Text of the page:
Essay & Research Paper Level
Select from . . * Principles of Composition * Index THE WRITING PROCESS Writer's Block Freewriting Clustering Outlining A Sense of Purpose Tone Maintaining Objectivity Concrete, Specific Language Unbiased Language Building Your Vocabulary Avoiding Plagiarism Being Logical Formatting Papers Editing Process Computer as Writing Assistant Deadly Sins Checklist Proofreading Symbols STRUCTURAL CONSIDERATIONS The Thesis Statement Transitions Beginnings Conclusions The Five-Paragraph Essay PATTERNS OF ORGANIZATION Organizing Principles Mixing the Patterns The Personal Essay Narrative or Descriptive Describing a Process Comparison & Contrast Using Examples Classification / Analysis Developing a Definition Evaluative Essay (Review) Cause and Effect Argumentative Essay Writing about Literature Research Papers (mla-style) Research Papers (apa) Ask Grammar, Quizzes, Search Devices
Select from . . Ask Grammar (questions) Grammarlogs (answers) 170+ Interactive QUIZZES INDEX for Entire Guide Frequently Asked Questions Search Engine Peripherals & PowerPoints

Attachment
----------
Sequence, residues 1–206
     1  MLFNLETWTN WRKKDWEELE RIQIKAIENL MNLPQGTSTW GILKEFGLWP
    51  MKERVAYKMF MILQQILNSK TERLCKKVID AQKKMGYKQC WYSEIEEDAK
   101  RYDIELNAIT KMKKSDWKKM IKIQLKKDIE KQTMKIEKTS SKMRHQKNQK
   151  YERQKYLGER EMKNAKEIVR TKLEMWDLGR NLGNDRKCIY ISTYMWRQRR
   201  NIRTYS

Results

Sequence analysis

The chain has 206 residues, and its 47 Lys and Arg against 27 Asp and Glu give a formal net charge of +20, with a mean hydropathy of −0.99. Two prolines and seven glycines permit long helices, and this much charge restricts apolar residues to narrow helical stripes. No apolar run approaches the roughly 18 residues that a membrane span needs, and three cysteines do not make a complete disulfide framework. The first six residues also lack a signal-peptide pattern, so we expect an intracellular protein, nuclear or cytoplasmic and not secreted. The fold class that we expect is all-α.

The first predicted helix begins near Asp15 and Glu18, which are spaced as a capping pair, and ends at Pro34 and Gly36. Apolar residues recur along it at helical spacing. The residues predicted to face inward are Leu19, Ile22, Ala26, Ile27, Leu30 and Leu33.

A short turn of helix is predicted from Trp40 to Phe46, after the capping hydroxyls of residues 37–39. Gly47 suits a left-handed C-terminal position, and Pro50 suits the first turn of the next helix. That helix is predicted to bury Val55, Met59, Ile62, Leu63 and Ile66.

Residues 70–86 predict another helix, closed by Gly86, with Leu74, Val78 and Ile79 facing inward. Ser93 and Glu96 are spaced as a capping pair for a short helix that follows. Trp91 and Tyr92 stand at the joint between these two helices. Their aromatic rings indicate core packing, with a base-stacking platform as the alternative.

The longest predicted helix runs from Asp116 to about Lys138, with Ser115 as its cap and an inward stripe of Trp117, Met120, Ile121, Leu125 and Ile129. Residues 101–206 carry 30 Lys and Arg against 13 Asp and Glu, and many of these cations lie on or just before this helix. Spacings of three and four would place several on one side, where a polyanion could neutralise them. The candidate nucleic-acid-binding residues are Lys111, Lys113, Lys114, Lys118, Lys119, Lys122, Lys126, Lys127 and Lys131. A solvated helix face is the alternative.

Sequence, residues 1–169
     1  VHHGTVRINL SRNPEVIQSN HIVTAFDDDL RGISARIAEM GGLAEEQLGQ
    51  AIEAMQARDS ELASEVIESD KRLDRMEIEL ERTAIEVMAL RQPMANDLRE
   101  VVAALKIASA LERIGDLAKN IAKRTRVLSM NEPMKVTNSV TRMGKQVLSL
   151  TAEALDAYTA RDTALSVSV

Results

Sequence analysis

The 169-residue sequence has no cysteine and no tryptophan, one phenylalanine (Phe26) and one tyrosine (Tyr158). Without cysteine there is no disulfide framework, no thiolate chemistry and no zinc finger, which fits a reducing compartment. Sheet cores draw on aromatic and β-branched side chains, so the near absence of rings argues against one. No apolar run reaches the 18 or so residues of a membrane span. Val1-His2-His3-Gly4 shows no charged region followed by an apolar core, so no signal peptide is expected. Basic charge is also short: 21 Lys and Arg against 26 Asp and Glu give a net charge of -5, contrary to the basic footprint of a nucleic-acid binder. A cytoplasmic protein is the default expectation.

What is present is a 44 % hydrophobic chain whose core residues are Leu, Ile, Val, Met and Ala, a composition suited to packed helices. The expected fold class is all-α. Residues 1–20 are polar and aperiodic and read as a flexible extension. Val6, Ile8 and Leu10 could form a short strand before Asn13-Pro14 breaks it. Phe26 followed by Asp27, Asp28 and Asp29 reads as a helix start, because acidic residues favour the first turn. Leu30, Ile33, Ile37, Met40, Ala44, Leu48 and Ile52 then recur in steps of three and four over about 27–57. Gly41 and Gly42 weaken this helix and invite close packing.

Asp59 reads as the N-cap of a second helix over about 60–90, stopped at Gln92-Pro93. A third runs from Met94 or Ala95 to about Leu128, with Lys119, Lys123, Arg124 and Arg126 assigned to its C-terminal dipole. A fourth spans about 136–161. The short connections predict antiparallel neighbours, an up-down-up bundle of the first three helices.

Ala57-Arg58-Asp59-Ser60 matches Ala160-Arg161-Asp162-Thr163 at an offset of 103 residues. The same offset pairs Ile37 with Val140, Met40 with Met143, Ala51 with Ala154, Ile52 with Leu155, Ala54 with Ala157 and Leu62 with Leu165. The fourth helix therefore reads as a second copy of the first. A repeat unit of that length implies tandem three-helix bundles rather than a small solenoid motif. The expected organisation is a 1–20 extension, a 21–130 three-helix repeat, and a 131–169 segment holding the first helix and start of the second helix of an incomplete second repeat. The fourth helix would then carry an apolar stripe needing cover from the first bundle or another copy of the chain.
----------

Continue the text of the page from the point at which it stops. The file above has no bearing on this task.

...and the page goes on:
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I’ve been working for quite some time now, on a book that is a long way from being finished and I get frustrated because I find so little time to work on it. Frequently, I stop and go back to the beginning, or some point in the middle and read through what I’ve already written, particularly when I feel stuck, (I do this with blog posts too) and every time I find something that could be fine tuned or cleaned up in some way or another. I’ve been told that it’s better just to get the whole thing down on paper and then go back through and make the changes I want to make, but I find that the fine tuning as I go process is one that helps me to feel more confident in the writing and ultimately find my way to the goal, the finished product. Perhaps my two favorite lines from your essay: “And the books that read better are ones the writer read often while writing it. Better writers might simply be better readers.”